Second, we can shift the question of existential inertia from substances to their potentials and actualities, and thereby render moot the question of external efficient causes. The question of existential inertia typically arises in the context certain arguments for God’s existence, such as Aquinas’s argument in On Being and Essence5 and his second way.6 These formulations frame the argument in terms of efficient causes of existence, but strictly speaking all we need is the actualization of potentials by other actualities. That is, we can start with some actuality and build an essentially ordered series of actualizers leading back to a pure actuality. The question of whether this requires a separate substance from the one we started with can be settled as a corollary of what it means to be pure actuality. Despite sounding similar to Aquinas’s first way — which is also construed in terms of actuality and potentiality — this is in fact a different argument. The first way proceeds from the reduction of potentiality to actuality, whereas this argument proceeds from the continued actualization of potentials.
The upshot of all of this, I think, is a more nuanced understanding of existential inertia and its rejection. When we discuss the continued existence of some aspect of reality, we need to get clear on whether it can be explained by some inertial actuality within a substance or not. And if we wish to establish a separate sustaining cause of something, then we need to be clear on which potentials we’re considering within that thing, for not all require such an explanation.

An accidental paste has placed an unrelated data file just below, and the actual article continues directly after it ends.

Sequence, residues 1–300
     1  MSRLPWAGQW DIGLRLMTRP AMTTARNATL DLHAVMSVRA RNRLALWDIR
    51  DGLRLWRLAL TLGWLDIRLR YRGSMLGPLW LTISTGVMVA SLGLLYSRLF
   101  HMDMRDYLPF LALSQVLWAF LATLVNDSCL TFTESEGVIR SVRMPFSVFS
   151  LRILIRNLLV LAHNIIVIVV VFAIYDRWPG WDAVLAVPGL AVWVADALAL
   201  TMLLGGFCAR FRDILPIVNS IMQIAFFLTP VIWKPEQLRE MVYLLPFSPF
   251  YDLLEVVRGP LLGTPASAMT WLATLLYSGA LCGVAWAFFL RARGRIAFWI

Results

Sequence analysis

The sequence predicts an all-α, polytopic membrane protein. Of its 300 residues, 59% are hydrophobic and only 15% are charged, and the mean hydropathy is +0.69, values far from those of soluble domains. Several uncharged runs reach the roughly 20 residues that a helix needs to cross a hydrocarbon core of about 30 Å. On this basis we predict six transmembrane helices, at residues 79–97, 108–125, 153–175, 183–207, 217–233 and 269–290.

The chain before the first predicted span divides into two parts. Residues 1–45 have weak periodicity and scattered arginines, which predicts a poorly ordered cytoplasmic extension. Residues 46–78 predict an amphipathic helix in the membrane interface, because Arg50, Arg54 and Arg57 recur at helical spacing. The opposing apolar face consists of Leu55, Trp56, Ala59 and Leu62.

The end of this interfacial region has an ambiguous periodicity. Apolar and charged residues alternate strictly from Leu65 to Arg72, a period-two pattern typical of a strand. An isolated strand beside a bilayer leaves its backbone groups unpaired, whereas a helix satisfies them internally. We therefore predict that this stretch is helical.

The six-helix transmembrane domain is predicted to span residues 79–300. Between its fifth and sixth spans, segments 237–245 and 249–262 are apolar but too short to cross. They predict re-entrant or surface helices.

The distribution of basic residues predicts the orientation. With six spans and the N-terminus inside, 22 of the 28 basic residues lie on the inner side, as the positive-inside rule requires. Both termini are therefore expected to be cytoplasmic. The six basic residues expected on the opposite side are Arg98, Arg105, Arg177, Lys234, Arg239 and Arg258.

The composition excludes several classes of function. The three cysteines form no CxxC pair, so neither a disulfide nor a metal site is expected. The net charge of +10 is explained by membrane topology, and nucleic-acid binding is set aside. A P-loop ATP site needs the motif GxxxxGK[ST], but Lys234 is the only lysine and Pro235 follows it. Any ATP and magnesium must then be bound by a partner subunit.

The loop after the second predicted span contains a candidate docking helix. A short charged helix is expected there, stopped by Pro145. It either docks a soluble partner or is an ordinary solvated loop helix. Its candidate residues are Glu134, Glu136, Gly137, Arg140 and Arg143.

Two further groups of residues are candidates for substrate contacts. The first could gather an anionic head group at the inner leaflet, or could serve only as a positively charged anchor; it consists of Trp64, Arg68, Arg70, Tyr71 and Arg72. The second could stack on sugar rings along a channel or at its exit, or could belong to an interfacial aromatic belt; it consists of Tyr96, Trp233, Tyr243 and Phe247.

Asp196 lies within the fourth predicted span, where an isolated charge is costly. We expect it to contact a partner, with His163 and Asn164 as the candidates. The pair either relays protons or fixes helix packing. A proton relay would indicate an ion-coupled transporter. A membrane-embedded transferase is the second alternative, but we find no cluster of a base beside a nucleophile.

- Graham Oppy, “On stage one of Feser’s ‘Aristotelian proof’”.↩︎
- There we spoke about this in terms of form and matter, but for this post we will try to restrict ourselves simply to language of actuality and potential.↩︎
- For example, they arise in the distinction between substantial and accidental forms in the course of making sense of the difference between substantial and accidental change.↩︎
- For my previous discussions on these, see my posts on God, matter, and necessary existence and the real distinction.↩︎
- See the bottom of page 240 here.↩︎
- See the corpus of ST I Q2 A3.↩︎